CDT 22: Finding the Middle: Thinking About Quitting & Worrying about Finishing

There comes a point in the hike when we all start feeling the lows, the rush, the push, the fear of winter weather, and the nagging voice to just quit. And it’s not just us, there has been so much talk of being behind schedule, flipping, skipping, quitting, winter, snow, and low budgets. It’s that time in the hike, though seriously all that talk starts the moment you set foot on the trail from the start. The difference is that now, we all feel the reality of it.

We’re tired, you have no idea how tired we are, the weather really is coming now. The monument is calling, it is so close it feels as though we can reach out and touch it, but we are not really that close. Our gear is wearing out, everything keeps breaking, we’re hungry deep down in our cells, the kind of hungry that town meals just can’t satisfy in such a short time. The bank accounts are getting that empty echo and we really can’t bear another freezing rain storm with cold, numb hands, wet clothes, setting up a wet tent, and waking up to wet everything.

And we ask, “Why are we doing this anyway?” We keep asking ourselves until that little voice says, “That’s It! I’m Done!” And there you have it–it just slips out. Done! Finished! Quit! I want to go home, I’m tired!

But then the sun comes out. We strategize over the schedule, the route, the budget, the weather. We pull out the duct tape and patch all the worn out gear. And after a good meal we tell ourselves once more that we’re almost there, we can do this.

It’s a play between the mental and the physical and this little voice deep down inside. And here we all are struggling our way towards the finish monument. For us, that’s north, a few miles into Canada, a concrete pillar sitting at the edge of a lake. I like to joke, “I can hear the monument calling, no wait, I think that was just thunder.”

The other day, for a brief moment and for the first time, I had the answer to “why am I doing this?” As a child I always examined things in nature, the petals on a flower, the pattern in a rock, the way the wind blew the little hairs around on my skin. I was immensely mesmerized by every little detail in nature. As I grew older I envied the idea of kids that grew up on multi-generation farms, understanding what all the details of “place” meant. The kind of details that are only known to people that have lived in a place for generations.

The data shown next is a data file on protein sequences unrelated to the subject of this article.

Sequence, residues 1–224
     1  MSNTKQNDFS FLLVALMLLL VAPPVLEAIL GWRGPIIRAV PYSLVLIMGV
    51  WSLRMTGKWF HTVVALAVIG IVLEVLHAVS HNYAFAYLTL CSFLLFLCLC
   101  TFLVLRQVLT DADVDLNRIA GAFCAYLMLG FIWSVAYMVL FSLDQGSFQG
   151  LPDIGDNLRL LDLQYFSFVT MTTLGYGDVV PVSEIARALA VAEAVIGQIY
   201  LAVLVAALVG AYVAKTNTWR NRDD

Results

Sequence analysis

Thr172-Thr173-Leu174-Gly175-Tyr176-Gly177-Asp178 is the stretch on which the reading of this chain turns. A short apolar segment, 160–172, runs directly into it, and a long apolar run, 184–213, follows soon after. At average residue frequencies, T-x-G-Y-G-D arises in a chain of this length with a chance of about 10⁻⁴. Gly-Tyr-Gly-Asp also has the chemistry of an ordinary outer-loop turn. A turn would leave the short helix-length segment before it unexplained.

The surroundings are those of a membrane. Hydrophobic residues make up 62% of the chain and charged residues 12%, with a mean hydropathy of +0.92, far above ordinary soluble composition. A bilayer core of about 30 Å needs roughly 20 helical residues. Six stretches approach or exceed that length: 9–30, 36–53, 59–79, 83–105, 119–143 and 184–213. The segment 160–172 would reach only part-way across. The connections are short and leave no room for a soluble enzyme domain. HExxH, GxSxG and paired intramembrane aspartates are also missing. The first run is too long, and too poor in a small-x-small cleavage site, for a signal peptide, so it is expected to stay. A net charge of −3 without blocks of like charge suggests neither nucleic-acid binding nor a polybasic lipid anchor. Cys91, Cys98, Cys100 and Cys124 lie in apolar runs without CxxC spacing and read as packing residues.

These long hikes let me touch that knowledge. I know I’m not staying in one place, but living in the wilderness for six months transecting a line is powerful. It’s a whole body experience of nature in a linear path. And when I say that my art is inspired by nature–this is what I mean. It’s not just in the “sitting on my porch or a walk in the park” kind of way. It is the whole body experience of the time I spend out here. I feel it in the sore ankle I’ve been walking on since the frozen waters of the Gila River, the dirt I can taste under my fingernails when I pick my teeth, the body memory of cold, numb, hands, from a hail storm in a white out in the Colorado Rockies. The way the white wings of the butterfly in the basin looked as it settled onto the sage. It’s the sound of a wolf howling as I gently traverse a steep snowfield trembling with fear. It’s the color of the snowbanks overhanging freezing, raging waters, as I step into them, breathing hard, taking a deep breath, and pulling myself out on the other side, yelling, “I’m good, I’m so good, I’m ok, let’s just go.” It’s that memory of seeing the elk footprints hug the same side of steep trail that I do. It’s the color of the sunset at twelve thousand feet. It’s the people we meet along the way. It’s the bee that was sleeping on the flower. It’s that free feeling of cowboy camping on a clear night. It’s the stars at three in the morning when I wake to pee. It’s the burn in my thighs when a climb another ridge. It’s the sun on my skin after a cold night. It’s the smell of the sage. The bird, the butterfly, it’s the vision I have when I’m way out there and I forget about everything else. It is…

I could go on and on… But my point is that it is a cumulative thing, it is a body thing, it is a visual thing, and it is something more than all of that. Maybe I will never really know what it is, but somewhere between the start and the finish, it is there. And so we walk, perhaps just to find the middle…

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